How to Use Natural Harmonics

Harmonics will be a word that will crop up time and time again for guitar players. Everything we hear in music is made up of harmonics. They make up the notes we hear and the tones we create, but you may also hear of harmonics as an intentional guitar technique. In this lesson we’re going to take a look at a type of harmonics known as natural harmonics, or open string harmonics.

Keep reading to perfect your natural harmonic technique..

What is a Guitar Harmonic?

When you play an open string, the pitch you hear is made up of multiple harmonics, but one harmonic is louder than the other, this is known as the fundamental harmonic. This is the overriding version of that note we hear when we play a note. Using our fingers, a gentle touch and a small knowledge of different lengths of string, we can isolate specific harmonics while removing the fundamental, to give us different harmonics.

This might sound complicated but check out the linked video for a full overview of this. It’s a lot simpler than it sounds.

The first octave, and the easiest to find is at the exact halfway point of the string. We measure the length of a string from the nut to the bridge. If the open string rings across this entire length, then we should find a harmonic at the halfway point which sounds one octave higher than the open string.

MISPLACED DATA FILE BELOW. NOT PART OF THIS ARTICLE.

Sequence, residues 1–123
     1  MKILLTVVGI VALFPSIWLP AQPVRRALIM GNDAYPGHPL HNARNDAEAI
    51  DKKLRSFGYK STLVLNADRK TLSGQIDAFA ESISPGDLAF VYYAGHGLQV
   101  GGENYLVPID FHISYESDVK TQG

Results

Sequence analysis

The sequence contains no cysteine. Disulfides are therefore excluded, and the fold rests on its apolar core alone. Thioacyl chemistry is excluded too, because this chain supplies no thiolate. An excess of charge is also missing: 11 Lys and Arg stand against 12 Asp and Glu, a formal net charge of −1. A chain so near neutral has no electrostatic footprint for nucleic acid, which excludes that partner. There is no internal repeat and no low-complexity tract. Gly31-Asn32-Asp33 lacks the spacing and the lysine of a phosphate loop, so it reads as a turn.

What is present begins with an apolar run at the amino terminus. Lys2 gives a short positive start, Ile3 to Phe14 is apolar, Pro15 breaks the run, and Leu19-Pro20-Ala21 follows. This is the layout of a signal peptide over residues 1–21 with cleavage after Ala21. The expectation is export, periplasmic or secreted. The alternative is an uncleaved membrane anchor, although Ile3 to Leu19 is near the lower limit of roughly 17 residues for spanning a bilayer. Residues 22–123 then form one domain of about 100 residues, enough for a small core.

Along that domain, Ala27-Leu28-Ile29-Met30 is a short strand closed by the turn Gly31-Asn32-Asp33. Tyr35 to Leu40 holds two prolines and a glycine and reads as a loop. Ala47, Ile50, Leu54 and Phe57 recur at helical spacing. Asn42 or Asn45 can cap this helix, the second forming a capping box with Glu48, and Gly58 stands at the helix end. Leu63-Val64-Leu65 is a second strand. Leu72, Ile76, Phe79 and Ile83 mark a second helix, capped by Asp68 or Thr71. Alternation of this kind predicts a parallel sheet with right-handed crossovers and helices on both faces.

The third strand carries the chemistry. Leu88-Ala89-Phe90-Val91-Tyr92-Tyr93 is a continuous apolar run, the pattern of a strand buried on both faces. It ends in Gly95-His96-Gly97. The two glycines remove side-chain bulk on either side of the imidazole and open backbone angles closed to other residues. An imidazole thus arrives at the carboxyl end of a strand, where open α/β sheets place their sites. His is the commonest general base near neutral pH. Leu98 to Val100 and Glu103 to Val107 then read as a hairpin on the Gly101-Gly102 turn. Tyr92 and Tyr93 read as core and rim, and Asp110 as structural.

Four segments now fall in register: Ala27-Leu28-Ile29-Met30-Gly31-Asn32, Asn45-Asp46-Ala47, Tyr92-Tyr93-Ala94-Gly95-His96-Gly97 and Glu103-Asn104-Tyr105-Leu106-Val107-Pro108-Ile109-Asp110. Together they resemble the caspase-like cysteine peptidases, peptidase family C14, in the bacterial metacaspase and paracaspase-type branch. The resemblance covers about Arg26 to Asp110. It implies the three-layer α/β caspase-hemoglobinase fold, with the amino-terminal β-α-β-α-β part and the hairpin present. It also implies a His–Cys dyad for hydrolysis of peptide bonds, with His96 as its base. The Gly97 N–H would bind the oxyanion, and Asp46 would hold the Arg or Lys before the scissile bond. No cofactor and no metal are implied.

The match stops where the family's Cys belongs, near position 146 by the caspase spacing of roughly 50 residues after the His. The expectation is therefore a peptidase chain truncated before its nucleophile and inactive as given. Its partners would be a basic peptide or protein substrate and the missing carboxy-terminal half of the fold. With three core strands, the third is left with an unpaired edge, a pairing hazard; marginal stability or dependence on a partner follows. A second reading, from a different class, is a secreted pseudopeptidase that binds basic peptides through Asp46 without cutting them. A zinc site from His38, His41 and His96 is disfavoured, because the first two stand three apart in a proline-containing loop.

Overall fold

The exact halfway point from every open string is the 12th fret. You play this by gently resting your fretting finger above the 12th frets fret wire.

There is another harmonic located at the 9th fret. If you measure the distance from the nut to the 9th fret and then replicate this distance from the bridge you arrive at the 16th fret. This means you get the exact same harmonic at both the 9th and 16th fret.

The same is true at the 7th fret, which shares a harmonic with the 19th.

Also the 5th fret and 24th fret share a harmonic. As you’ll see in the video, you can still find the 24th fret harmonic even on guitars without 24 frets. It would be located somewhere over the neck pickup.

When you feel like you've mastered Natural Harmonics, hit Next to get started with another type of harmonic - the Pinched Harmonic. If you're still practicing your solos and not quite yet ready to move on, go Back for our Guitar Solo Tips.

This PMT College lesson was brought to you in partnership with, and written by experienced guitar teacher Leigh Fuge. Leigh works as part of a community of guitar teachers based across the UK. Click here to find a teacher near you.